By: Dr. David Rice
When it comes to cracked teeth, is there any truth to the old saying, “If it’s not broke, don’t fix it?”
Likely not. Let’s take a closer look.
Types of Cracked Teeth
First, there are different types of cracked teeth.
1. Craze Lines
There are very superficial cracks in teeth your dentist or hygienist will call craze lines. Craze lines happen as we age. They happen from the cycling of hot and cold in our mouths.
In essence, for most, they are a normal function of using our teeth over time.
So, if you go to your favorite dental professional and you hear them speaking about craze lines, have no fear. No treatment is needed. You’re just fine.
2. Horizontal Fractures
The second type of cracked teeth is teeth that have horizontal fractures.
Horizontal fractures mean if you’re looking in the mirror, the crack goes from side to side.
The seriousness of this type of cracked tooth is location-based.
If the horizontal fracture is near the edge of your front tooth or the biting surface of your back tooth, it is most often fixable with a filling or a crown alone.
If the horizontal fracture is closer to your gum line, yet still where you can see it, you will likely need a root canal and a crown. The good news is, it is most often fixable.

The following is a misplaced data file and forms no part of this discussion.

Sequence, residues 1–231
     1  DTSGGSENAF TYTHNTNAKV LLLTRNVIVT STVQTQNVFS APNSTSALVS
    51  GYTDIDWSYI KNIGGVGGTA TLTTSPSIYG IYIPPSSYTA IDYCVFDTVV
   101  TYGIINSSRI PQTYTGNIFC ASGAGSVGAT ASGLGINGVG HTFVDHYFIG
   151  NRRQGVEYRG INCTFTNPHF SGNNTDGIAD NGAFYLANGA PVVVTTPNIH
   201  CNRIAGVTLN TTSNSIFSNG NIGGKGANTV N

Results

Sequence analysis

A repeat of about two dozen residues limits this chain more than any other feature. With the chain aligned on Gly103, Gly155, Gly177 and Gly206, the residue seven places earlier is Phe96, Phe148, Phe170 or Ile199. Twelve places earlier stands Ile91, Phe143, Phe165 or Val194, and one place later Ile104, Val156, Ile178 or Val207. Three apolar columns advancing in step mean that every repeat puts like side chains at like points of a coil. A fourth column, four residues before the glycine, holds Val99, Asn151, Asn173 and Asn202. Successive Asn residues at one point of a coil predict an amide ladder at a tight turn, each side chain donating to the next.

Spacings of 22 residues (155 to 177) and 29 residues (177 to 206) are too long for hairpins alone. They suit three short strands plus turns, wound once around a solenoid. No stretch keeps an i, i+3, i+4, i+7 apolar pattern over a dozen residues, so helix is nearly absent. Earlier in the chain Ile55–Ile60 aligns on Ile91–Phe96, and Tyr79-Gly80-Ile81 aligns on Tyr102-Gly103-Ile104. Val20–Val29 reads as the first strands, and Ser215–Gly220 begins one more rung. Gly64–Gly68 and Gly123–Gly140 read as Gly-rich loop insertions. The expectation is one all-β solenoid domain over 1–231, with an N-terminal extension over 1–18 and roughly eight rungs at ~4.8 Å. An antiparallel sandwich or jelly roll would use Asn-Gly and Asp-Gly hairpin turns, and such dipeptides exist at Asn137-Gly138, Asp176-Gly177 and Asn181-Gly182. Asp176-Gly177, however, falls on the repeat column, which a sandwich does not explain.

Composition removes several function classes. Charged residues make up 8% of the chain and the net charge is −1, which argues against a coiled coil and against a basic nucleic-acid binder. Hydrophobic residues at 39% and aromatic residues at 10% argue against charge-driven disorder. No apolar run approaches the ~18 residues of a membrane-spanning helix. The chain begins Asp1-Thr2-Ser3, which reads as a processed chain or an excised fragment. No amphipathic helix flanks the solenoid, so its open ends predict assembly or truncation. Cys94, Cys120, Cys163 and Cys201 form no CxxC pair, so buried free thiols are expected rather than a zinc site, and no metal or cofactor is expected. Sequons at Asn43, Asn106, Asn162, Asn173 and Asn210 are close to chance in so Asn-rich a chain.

Lastly, if the horizontal fracture is at or below your gum line, your tooth will likely need to be removed.
3. Vertical Fractures
The third type of cracked teeth is teeth that have vertical fractures.
Vertical fractures are more serious and most often lead to tooth loss.
Causes of Cracked Teeth
The number one cause of cracked teeth is trauma, and trauma comes in many forms.
Trauma can be from falling off a bike, getting hit in the face in sports, or even from playing with a pet.
With just those few examples, you can imagine the severity of the cracked tooth is dependent on what your mouth hits/hits your mouth, along with how much force is associated.
Consulting your dentist as soon after the trauma will help.
Based on your description of the trauma, your dentist may recommend you go to the closest emergency room, come into the practice right away, or come to the practice in the following days.
2. Eating Hard Foods
Other types of traumas come from hard foods we eat-like a bone in a piece of meat for example.
They may also come from chewing ice-please don’t chew ice-it seems fun until you’re in my chair with pain and an expensive problem.
3. Bite, TMJ, or Sleep Apnea Related
Still, other types of traumas can be bite, TMJ, or sleep apnea related.
Many patients with bite issues, jaw joint issues, or sleep issues grind their teeth.
Teeth clenching or grinding is traumatic and can crack teeth just like the other forms of trauma noted above.
Please consult your dentist if you feel you clench or grind your teeth.
Cracked Teeth Symptoms
One of the greatest challenges with cracked teeth is they’re often hard to find.
That means your symptoms and your ability to share what you feel with your dentist really count.
Here is a list of symptoms you might feel.
What you feel and how intense you feel it is what you want to relay to your dentist.